In Citizens’ Committee to Complete the Refuge v. City of Newark (2021) 74 Cal.App.5th 460, the First District Court of Appeal affirmed the trial court’s ruling that a residential project in a specific plan area in the city of Newark fell within Government Code section 65457, a statutory exemption under CEQA for residential development projects that are consistent with a specific plan for which an Environmental Impact Report (EIR) has been certified.  Petitioners argued a subsequent EIR was required due to three project changes that they claimed led to new significant impacts.  However, the Court found the exemption applied to the project as the exemption’s focus is to increase the supply of housing and it therefore should apply to projects that meet the criteria “regardless of possible environmental impacts.”

In 2010, the City of Newark (the City) certified an EIR for a specific plan and entered into a development agreement.  Citizens’ Committee to Complete the Refuge (CCCR) challenged the specific plan under CEQA, and the City prepared a recirculated EIR (REIR) after the trial court identified certain deficiencies in the document.  In March 2015, the City certified the final REIR and re-adopted the 2010 specific plan, and later executed a development agreement.  In 2019, a proposed subdivision map was submitted for the approval of residential lots.  To determine whether the REIR sufficiently addressed the environmental impacts of the proposed subdivision map, the City prepared a checklist that compared the REIR’s analysis of the specific plan’s impacts with the impacts of the subdivision map.  The City posted the checklist for public comment, responded to the comments, and approved the subdivision map.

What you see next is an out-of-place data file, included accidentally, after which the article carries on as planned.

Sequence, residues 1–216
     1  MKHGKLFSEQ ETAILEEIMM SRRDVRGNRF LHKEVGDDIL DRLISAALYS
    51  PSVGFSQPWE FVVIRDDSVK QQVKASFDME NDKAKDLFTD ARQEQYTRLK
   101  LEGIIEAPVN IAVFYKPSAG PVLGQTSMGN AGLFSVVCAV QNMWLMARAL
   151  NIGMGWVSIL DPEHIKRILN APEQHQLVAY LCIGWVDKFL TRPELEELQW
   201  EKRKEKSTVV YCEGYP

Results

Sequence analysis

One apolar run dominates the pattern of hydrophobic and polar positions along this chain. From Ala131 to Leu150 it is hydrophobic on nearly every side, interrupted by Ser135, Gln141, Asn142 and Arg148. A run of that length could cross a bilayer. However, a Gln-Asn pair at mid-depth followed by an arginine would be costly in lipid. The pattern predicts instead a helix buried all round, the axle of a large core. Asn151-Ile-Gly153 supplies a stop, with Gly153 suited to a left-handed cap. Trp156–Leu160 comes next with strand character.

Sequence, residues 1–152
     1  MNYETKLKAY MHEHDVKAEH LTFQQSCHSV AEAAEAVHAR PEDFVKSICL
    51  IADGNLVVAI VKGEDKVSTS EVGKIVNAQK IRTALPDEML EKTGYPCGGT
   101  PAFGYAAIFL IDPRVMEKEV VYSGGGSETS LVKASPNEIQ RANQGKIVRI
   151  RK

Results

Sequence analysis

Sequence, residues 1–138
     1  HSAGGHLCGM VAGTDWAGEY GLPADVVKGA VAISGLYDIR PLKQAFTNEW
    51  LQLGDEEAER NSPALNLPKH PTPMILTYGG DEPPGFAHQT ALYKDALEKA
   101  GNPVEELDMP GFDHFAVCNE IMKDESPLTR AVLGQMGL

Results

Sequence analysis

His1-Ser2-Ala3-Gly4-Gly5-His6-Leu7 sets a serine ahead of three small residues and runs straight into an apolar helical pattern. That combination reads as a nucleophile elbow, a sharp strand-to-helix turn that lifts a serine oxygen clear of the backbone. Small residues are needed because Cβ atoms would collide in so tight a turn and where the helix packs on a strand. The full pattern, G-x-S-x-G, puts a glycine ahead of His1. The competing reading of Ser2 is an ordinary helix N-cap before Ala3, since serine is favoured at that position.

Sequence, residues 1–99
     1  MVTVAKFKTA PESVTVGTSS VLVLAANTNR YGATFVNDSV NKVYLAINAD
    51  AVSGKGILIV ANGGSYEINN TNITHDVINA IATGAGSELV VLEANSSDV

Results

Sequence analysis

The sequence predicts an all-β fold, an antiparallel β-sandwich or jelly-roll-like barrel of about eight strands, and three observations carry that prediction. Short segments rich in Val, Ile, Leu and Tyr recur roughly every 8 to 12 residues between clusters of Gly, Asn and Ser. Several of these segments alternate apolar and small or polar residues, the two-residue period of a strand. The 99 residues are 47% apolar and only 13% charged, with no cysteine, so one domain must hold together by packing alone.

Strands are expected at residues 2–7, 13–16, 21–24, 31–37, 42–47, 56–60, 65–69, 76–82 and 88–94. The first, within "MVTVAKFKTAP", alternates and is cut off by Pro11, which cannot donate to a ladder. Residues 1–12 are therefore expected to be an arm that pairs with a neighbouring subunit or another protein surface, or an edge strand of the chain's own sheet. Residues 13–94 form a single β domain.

CCCR filed a petition for writ of mandate and complaint for injunctive relief challenging the subdivision map and checklist.  The trial court denied the writ and found the administrative record contained substantial evidence to support the City’s determination that no further environmental review was necessary after the REIR.  CCCR appealed this denial and argued a subsequent EIR was required due to new significant impacts created by three project changes.

CCCR stated the subdivision map reflected three project changes that would have new and significant impacts to the protected harvest mouse: (1) a proposal to fill and elevate only the upland areas and not the wetlands, (2) the omission of a golf course, which the specific plan allowed for, and (3) protection of certain elevated banks directly next to wetlands with riprap.

However, the Court found that substantial evidence supported the City’s conclusion that these three changes would not significantly increase the impacts on the harvest mouse beyond what the REIR addressed.  The Court upheld the City’s finding that even with the changes, the project impacts were within the envelope of what was studied in the REIR.

The Court found that Public Resources Code section 21166, which requires a subsequent or supplemental EIR when “[s]ubstantial changes are proposed in the project which will require major revisions of the [EIR],” did not apply here, because CCCR did not demonstrate that the project changes would significantly impact rat predation, nor that sea level rise would “make the impacts of thwarted wetland migration substantially more severe in a way that would trigger the section 21166 exception.”